Power of review could be exercised by the learned Tribunal on principles akin to Order 47 Rule 1 of C.P.C not just based on the revelation of fresh and relevant facts: Jharkhand High Court

The learned Tribunal might exercise its review power based on concepts similar to Order 47 Rule 1 of the C.P.C., not just based on the revelation of fresh and relevant facts that, despite exercising due diligence, was not beyond the applicant’s understanding or could not be provided by him at the time the decree was passed. The judgement was passed by the High Court of Jharkhand in the case of The Union of India vs Omprakash [W.P (S) No. 2574 of 2018] by Single Bench consisting of Hon’ble Justice Aparesh Kumar Singh & Anubha Rawat Choudhary.

The facts of the case are the Applicant, an Assistant Loco Pilot was proceeded departmentally for major penalty under Rule 9 of Railway Servants (Discipline and Appeal) Rule 1968, for the charge of delayed reporting of an accident that took place on an unmanned railway crossing between Kotshila and Jhalida station. . After a proper regular inquiry and second show-cause notice upon the applicant imposed a minor penalty of withholding of annual increment for three years with non-cumulative effect.

Learned counsel for the petitioner Railways contends that the penalty order was overturned solely because only the claimant was picked out for prosecution, even though liability was shared and cumulative with the Loco Pilot and the Guard. The learned CAT noted that the Disciplinary Authority, Appellate Authority, and Revisional Authority have not given any clear explanation why Assistant Loco Pilot was found guilty, while Guard and Loco Pilot, who were both on service, have been excluded.

Learned counsel for the respondent submits that the learned Tribunal not only found the plea of parity of care but also considered the materials recorded during the investigation proceedings. It also noted that “in the presence of the Guard and Station Master at 2.10 hours, the claimant promptly notified the Loco Pilot of the incident.” There was no hesitation on his side.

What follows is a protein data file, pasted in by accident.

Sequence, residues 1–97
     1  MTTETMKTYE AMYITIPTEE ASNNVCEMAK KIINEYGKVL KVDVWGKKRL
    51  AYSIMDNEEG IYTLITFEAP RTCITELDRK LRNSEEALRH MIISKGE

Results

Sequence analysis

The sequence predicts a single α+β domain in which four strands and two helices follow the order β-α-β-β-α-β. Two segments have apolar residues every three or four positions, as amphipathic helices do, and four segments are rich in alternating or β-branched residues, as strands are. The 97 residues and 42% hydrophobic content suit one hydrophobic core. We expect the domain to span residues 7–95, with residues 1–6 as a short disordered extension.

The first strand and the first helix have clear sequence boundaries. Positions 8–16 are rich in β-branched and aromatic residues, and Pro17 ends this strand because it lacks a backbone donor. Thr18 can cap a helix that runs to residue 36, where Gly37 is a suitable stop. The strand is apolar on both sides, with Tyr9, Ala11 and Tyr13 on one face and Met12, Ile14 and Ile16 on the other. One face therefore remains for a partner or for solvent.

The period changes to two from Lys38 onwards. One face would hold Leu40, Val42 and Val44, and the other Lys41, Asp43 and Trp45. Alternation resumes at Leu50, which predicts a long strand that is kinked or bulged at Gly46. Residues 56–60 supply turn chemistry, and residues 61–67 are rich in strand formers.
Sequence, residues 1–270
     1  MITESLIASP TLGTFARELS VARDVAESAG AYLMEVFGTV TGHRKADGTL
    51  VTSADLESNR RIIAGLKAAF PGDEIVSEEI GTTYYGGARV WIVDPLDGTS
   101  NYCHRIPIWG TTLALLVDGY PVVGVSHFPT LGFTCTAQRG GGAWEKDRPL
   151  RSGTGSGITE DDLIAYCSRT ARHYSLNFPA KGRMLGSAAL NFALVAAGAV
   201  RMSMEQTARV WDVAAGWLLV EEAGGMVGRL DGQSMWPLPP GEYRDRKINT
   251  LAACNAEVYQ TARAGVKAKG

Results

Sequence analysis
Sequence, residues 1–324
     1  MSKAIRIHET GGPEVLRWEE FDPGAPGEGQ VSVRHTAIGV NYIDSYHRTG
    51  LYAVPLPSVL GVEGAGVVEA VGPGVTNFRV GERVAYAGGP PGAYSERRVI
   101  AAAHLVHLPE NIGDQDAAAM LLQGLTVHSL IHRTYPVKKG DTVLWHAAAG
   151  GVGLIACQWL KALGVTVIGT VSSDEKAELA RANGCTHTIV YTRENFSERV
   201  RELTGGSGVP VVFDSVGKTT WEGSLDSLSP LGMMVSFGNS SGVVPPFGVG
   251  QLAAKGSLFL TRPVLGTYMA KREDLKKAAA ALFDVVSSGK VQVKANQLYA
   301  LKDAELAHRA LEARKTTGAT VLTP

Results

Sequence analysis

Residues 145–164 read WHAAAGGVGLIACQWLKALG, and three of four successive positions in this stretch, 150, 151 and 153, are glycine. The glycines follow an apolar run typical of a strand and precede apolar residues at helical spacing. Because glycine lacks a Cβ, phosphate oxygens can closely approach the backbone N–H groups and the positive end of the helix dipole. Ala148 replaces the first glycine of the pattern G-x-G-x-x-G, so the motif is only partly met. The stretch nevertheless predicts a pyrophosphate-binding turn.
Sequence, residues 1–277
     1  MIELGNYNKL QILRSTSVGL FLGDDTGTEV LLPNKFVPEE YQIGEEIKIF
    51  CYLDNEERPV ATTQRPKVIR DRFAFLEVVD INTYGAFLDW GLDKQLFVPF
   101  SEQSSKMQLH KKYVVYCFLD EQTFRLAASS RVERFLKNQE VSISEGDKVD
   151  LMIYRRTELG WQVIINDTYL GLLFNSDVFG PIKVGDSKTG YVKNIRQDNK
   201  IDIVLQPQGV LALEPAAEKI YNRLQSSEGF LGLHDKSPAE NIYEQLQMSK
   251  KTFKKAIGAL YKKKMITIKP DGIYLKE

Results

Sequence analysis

The Respondent Railways refused to uphold the petition of investigation as these details were beyond the Railways’ understanding and, as such, had not been found until passing the order in O.A. Review application was thus correctly rejected.

Relying on the Hon’ble supreme court judgment Gopabandhu Biswal Versus Krishna Chandra Mohanty and others, it was held that, “Power of review could be exercised by the learned Tribunal on principles akin to Order 47 Rule 1 of C.P.C not only on the ground of discovery of new and important matter of evidence which, after exercise of due diligence, was not within the knowledge of the applicant or could not be produced by him at the time when the decree was passed, or on account of some mistake or error apparent on the face of the record, but also for any other sufficient reason.”

While allowing the application the finds that “the order of learned Tribunal passed in the O.A. suffers from an error of finding of fact, on account of erroneous inference drawn by the learned Tribunal on its own, dehors any pleadings on record. If the Railways in the Review Petition duly brought it to the notice of the learned Tribunal that there was no disparity in treatment vis-àvis the applicant and Loco Pilot and Guard, learned Tribunal ought to have corrected such an error which formed the very basis of setting aside the order of penalty.”

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